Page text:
On July 3rd 2019 CEX.io announced that they would be launching a dedicated cryptocurrency exchange in the United States. According to the report, the news comes after the company acquired nine Money Transmitter Licences (MTLs).
The MTLs CEX.io have received will allow them to operate in nine more US states. The mentioned states are: Iowa, Kansas, New Mexico, Oklahoma, South Dakota, West Virginia, Maryland, Alaska and New Hampshire.
While the nine new licences allow the company to operate in the mentioned states, they have been trading in other American states since 2015. This is due to the fact that they have been registered as a “money service business” since then.
The current total number of states which CEX.io will be able to serve is now 28. Although they plan to expand into all 50 in the near future.
Oleksandr Lutskevych, CEO of CEX.io, went on record to state that the US has provided a “significant portion” of their clients from the “very start”.
He went on to further state that meeting necessary “regulatory requirements, specific for each state” is a focus of the company as they plan to expand across the country.
With their latest acquisition of MTLs the full list of states which CEX.io are able to serve is as follows: Alaska, Arizona, Arkansas, California, Colorado, Delaware, District of Columbia, Indiana, Iowa, Kansas, Kentucky, Maryland, Massachusetts, Michigan, Minnesota, Mississippi, Missouri, Montana, Nevada, New Hampshire, New Mexico, Oklahoma, Pennsylvania, Rhode Island, South Dakota, Utah, West Virginia, Wisconsin and Wyoming.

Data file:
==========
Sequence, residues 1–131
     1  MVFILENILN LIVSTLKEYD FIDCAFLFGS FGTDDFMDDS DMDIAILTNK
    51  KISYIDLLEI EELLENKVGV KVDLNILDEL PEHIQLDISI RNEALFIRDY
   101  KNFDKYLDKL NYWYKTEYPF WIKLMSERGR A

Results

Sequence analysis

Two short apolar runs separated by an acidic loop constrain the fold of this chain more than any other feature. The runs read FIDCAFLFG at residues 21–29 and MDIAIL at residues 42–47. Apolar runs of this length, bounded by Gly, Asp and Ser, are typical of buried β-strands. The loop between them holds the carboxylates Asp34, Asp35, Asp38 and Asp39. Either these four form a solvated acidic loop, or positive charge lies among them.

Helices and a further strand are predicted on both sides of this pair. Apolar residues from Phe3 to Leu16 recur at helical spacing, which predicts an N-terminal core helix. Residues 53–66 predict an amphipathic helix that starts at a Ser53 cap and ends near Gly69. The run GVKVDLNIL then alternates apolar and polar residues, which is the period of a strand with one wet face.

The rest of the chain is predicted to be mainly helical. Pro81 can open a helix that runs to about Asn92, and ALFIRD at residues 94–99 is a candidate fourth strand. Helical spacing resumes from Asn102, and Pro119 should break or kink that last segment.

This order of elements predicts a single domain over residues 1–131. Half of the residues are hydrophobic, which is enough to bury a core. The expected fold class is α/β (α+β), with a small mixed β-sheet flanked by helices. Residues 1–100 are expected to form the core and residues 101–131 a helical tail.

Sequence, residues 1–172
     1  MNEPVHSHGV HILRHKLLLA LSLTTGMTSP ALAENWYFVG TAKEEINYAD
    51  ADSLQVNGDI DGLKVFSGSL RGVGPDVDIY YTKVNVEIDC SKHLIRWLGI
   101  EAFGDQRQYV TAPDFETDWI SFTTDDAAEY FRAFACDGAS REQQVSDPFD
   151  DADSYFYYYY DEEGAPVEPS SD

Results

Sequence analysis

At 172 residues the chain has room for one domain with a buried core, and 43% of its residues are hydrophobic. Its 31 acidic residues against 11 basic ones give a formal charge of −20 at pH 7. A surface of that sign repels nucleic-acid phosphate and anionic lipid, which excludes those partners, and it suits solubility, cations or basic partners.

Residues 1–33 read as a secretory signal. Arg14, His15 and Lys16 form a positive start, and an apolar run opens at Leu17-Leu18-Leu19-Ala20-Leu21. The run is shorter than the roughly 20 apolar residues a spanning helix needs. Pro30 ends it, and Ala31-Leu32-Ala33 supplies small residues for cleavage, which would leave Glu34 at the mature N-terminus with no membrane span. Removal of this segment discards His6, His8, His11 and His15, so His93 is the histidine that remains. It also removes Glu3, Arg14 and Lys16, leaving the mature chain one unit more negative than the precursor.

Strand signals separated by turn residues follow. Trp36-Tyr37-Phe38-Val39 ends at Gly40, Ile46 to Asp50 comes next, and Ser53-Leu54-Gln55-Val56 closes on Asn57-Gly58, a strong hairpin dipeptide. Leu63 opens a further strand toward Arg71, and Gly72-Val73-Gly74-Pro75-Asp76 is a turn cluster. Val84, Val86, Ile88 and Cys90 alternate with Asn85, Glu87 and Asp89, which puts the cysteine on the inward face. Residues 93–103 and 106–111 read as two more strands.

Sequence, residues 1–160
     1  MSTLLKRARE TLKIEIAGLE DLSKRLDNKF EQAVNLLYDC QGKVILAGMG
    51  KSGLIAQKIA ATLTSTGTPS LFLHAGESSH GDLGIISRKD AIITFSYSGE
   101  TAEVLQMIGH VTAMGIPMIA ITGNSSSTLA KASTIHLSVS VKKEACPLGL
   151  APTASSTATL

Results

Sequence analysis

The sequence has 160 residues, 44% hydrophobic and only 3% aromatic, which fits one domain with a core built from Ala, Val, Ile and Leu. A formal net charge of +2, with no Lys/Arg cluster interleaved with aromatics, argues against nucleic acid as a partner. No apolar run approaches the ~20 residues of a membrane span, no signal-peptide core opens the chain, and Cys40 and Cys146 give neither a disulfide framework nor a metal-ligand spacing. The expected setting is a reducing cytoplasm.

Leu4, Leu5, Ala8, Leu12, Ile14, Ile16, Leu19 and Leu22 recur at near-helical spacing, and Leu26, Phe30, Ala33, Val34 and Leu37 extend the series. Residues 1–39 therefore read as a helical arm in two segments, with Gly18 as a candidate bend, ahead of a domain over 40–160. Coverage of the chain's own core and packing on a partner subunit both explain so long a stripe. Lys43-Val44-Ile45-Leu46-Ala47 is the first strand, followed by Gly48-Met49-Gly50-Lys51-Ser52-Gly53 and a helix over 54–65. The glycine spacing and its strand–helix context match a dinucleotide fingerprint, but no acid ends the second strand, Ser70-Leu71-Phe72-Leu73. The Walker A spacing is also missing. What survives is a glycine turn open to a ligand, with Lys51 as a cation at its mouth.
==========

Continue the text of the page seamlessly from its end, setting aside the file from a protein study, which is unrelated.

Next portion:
Regulation is Coming, Expect More US Branches of Exchanges
This change in their terms essentially prohibits US citizens from using the original Binance cryptocurrency exchange.
The news of regulated, US based, branches of crypto exchanges has been fast flowing since the announcement of FATF’s rules for the global crypto sector. These rules are in an attempt to combat crypto’s role in money laundering.
The regulations require all exchanges to gather data on “all clients” initiating transactions more than $1000 or €1000.
They will also require that exchanges collect, and share, data regarding the recipients of said transactions. This brings into question whether FATF compliant exchanges will require KYC for withdrawal wallets.
The anonymous nature of blockchain technology makes the FATF ruling regarding data on recipients a tricky one. Generally speaking, wallet creation for cryptocurrencies is anonymous. This brings into question the method exchanges will employ to satisfy it.
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